This in turn can have a positive impact on the agency’s work, she notes. “This is a diversity project – but it’s also about creativity, because I think the more we use different voices and different creators to make our work, the more interesting it becomes.”
I wonder aloud how Laura has seen attitudes evolve during her own career as a female creative. “We’re certainly talking far more about diversity than we did 20 years ago,” she says. “But I was lucky in that my first agency was run by two female creative directors, so even though I knew it was unusual, it never occurred to me that I couldn’t become a creative director or run an agency.”
A problem persists at the senior level, however. “A lot of young women come into the industry, but the retention levels are still not good enough. As a female creative director, I know that there aren’t enough of me! That’s because, as an industry, we don’t create the conditions for women to thrive in. It’s very difficult to balance family life and work life, for example. Some women opt out. And it’s our industry that suffers – because when everyone is the same, there’s a danger that the work gets repetitive too.”
Thinking back to Dove, I ask her if she feels the representation of women in the media – particularly glossy magazines – is becoming more nuanced. “Well, Dove was ground-breaking in its stance against retouching and its depiction of different types of beauty. But I think magazines have become more forward-thinking: at Vogue UK alone, editor Edward Enninful is doing a great job bringing different types of people onto the cover and into its pages.”
As somebody who puts images out into the world, she is aware that unrealistic depictions of women “ultimately make them feel bad”. “And why would you think you can sell anything by making people feel bad?” One of the great things about social media, she adds, is that brands and magazines that cross the line can be called out by consumers. “They can be held accountable. We didn’t have that power in the 90s.”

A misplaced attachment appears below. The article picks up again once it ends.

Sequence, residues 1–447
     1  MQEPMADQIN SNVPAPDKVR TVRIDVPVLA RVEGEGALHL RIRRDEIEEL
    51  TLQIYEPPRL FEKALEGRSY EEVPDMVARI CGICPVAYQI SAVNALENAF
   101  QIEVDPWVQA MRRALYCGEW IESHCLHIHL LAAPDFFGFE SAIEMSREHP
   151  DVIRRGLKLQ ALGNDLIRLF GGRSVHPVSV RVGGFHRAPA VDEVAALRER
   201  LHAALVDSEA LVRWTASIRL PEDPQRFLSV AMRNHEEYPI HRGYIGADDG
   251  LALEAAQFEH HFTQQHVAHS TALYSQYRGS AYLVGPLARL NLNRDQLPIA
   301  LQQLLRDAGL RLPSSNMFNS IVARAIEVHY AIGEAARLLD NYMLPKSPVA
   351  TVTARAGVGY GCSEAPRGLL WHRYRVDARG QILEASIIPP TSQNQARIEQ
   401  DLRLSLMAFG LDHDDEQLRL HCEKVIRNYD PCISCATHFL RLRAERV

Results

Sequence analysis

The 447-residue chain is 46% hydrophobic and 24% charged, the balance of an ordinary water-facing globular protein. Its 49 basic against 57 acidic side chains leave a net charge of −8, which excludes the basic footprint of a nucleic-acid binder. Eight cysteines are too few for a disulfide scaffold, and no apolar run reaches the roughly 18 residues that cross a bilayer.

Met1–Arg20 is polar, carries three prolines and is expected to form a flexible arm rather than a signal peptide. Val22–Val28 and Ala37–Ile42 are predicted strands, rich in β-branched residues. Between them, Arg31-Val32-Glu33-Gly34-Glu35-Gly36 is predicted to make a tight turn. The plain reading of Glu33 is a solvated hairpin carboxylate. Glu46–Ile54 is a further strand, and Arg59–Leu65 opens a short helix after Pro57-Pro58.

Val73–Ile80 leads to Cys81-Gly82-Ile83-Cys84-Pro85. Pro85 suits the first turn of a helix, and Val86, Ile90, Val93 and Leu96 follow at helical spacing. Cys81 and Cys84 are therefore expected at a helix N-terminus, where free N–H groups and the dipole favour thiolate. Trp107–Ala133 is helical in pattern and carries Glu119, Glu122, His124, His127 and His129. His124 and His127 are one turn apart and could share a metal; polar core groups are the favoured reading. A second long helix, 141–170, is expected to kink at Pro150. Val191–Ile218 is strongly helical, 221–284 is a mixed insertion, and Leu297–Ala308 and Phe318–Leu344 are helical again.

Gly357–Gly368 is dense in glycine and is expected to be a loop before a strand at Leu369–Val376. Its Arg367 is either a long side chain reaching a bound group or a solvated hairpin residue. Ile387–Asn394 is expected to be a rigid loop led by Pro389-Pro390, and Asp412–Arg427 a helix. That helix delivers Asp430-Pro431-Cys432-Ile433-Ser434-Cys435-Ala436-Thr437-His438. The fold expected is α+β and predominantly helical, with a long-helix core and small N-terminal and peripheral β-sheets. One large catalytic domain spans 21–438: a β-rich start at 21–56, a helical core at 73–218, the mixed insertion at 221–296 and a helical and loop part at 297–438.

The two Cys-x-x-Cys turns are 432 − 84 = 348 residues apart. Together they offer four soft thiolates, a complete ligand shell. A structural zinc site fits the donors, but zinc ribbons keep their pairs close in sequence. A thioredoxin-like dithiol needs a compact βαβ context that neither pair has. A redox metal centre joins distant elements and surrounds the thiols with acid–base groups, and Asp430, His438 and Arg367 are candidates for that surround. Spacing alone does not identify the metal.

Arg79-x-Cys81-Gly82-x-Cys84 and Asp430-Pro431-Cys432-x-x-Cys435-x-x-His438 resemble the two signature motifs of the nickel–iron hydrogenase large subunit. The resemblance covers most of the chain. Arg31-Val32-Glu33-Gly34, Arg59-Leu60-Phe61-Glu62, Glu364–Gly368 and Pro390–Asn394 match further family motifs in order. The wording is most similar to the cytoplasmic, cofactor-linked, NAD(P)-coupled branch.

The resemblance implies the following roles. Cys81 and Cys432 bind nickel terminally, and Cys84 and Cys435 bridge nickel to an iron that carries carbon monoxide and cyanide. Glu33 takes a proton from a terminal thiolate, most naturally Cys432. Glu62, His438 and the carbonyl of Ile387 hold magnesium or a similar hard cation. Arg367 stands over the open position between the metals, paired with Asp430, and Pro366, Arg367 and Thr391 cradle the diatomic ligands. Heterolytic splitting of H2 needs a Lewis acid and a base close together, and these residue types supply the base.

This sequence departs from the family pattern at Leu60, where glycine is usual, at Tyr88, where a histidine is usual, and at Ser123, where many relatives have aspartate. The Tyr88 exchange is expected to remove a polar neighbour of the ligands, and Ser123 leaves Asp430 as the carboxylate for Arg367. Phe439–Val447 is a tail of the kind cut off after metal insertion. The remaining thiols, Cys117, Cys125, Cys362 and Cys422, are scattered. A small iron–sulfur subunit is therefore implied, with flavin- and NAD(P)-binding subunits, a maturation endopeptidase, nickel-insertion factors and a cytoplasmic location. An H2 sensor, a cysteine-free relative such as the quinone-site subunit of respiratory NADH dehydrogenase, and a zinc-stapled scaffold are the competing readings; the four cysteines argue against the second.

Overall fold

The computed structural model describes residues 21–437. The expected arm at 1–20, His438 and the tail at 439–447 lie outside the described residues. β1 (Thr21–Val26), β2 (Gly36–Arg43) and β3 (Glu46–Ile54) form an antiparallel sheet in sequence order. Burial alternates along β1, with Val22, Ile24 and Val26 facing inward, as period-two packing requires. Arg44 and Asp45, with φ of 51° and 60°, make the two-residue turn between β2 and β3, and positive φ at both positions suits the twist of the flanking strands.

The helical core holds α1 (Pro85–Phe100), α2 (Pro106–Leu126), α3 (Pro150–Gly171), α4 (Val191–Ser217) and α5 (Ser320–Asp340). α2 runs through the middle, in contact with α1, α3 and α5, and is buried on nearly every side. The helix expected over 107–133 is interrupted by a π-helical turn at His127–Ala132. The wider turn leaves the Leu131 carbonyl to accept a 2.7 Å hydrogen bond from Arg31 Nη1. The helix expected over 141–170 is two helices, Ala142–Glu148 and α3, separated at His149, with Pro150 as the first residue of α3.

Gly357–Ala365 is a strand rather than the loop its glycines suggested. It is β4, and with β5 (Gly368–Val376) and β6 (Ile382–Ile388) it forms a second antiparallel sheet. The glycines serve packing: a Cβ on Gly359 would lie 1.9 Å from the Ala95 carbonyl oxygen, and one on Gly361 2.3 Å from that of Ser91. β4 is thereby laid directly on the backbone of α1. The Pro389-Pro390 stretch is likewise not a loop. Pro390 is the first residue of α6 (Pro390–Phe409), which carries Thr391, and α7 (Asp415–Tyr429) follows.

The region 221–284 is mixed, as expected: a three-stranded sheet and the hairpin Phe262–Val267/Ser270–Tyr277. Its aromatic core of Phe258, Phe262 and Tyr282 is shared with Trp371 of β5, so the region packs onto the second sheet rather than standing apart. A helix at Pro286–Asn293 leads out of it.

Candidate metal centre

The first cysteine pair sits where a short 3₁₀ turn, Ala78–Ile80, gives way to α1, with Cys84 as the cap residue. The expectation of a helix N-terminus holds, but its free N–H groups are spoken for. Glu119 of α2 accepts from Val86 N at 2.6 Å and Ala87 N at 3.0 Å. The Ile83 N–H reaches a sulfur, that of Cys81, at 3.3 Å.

But Laura isn’t content with helping creative women – she wants to help her fellow creative directors too. She’s developing a programme called called “How To Be A Creative Director”. “Because there’s a real change when you move from being a creative to a creative director – and nobody really tells you how to do that.”
New skills are required of you: managing people, giving guidance and feedback. For the moment the coaching will be purely internal, but Laura sees it as something she could potentially take beyond the agency. “The idea is to help creative directors feel more confident in their own skins, so they can be the best versions of themselves.”
She certainly seems to relish being part of DDB: a copywriter at heart, she talks enthusiastically about the Bill Bernbach era and its snappily-penned print ads. At the other end of the spectrum, she loves to do work that “expands what we think advertising should be” – like the campaign for retailer Argos that involved putting out 80 ten second ads in 80 days.
Right now, though, she’s keen to focus on the work of others – in the form of She Takes Over. The message to agencies is clear: if you want to achieve diversity, you can at least start by turning to Instagram.